FoundationDB vs Redis: What are the differences?
Developers describe FoundationDB as "Multi-model database with particularly strong fault tolerance, performance, and operational ease". FoundationDB is a NoSQL database with a shared nothing architecture. Designed around a "core" ordered key-value database, additional features and data models are supplied in layers. The key-value database, as well as all layers, supports full, cross-key and cross-server ACID transactions. On the other hand, Redis is detailed as "An in-memory database that persists on disk". Redis is an open source, BSD licensed, advanced key-value store. It is often referred to as a data structure server since keys can contain strings, hashes, lists, sets and sorted sets.
FoundationDB and Redis are primarily classified as "Databases" and "In-Memory Databases" tools respectively.
"ACID transactions" is the primary reason why developers consider FoundationDB over the competitors, whereas "Performance" was stated as the key factor in picking Redis.
Redis is an open source tool with 37.4K GitHub stars and 14.4K GitHub forks. Here's a link to Redis's open source repository on GitHub.
What is FoundationDB?
What is Redis?
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I use Redis because, based on the case studies I have reviewed, it appears to be the most performant cache database for my Django projects. The ease of configuration and deployment is also a big plus.
Using both higher level view caching as well as low-level QuerySet caching with Redis has allowed me to improve HTTP request times by an order of magnitude.
Redis is a good caching tool for a cluster, but our application had performance issues while using Aws Elasticache Redis since some page had 3000 cache hits per a page load and Redis just couldn't quickly process them all in once + latency and object deseialization time - page load took 8-9 seconds. We create a custom hybrid caching based on Redis and EhCache which worked great for our goals. Check it out on github, it's called HybriCache - https://github.com/batir-akhmerov/hybricache.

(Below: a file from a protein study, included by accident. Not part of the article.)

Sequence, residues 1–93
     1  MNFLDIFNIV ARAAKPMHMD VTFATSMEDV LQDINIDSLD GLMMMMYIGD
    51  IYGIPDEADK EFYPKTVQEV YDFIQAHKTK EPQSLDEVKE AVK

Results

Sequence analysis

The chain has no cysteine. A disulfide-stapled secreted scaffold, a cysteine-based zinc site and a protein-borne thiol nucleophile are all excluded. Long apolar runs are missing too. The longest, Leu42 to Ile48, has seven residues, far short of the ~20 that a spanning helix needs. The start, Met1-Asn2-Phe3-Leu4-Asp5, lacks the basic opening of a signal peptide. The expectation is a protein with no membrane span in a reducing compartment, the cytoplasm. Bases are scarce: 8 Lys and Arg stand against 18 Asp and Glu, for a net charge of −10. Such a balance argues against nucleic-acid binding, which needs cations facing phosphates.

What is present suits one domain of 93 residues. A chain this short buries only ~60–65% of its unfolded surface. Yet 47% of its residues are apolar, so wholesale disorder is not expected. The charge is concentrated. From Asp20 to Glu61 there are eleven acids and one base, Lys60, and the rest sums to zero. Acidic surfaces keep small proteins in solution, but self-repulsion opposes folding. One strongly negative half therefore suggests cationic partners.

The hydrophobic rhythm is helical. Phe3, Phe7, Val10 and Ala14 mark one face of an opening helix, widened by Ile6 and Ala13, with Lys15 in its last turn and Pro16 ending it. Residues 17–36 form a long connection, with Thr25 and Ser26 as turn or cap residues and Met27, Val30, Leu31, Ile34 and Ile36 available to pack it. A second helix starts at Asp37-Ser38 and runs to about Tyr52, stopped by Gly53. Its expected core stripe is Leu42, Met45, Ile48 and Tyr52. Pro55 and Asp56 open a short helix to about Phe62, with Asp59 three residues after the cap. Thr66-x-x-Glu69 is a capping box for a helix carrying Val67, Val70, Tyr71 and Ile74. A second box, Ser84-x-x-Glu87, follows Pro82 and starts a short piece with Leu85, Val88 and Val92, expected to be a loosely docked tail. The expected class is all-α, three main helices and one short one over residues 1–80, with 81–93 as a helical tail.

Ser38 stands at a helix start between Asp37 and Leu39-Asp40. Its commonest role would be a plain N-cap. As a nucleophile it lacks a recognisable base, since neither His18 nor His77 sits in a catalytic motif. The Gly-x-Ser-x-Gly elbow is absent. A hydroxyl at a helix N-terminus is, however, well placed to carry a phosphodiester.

Redis is used for storing all ephemeral (that's data you don't necessarily want to store permanently) user data, such as mapping of session IDs (stored in cookies) to current session variables at Cloudcraft.co. The many datastructures supported by Redis also makes it an excellent caching and realtime statistics layer. It doesn't hurt that the author, Antirez, is the nicest guy ever! These days, I would be really hard pressed to find any situation where I would pick something like Memcached over Redis.
Trello uses Redis for ephemeral data that needs to be shared between server processes but not persisted to disk. Things like the activity level of a session or a temporary OpenID key are stored in Redis, and the application is built to recover gracefully if any of these (or all of them) are lost. We run with allkeys-lru enabled and about five times as much space as its actual working set needs, so Redis automatically discards data that hasn’t been accessed lately, and reconstructs it when necessary.
The UI has message inbox that is sent a message when you get a new badge, receive a message, significant event, etc. Done using WebSockets and is powered by redis. Redis has 2 slaves, SQL has 2 replicas, tag engine has 3 nodes, elastic has 3 nodes - any other service has high availability as well (and exists in both data centers).
Redis makes certain operations very easy. When I need a high-availability store, I typically look elsewhere, but for rapid development with the ability to land on your feet in prod, Redis is great. The available data types make it easy to build non-trivial indexes that would require complex queries in postgres.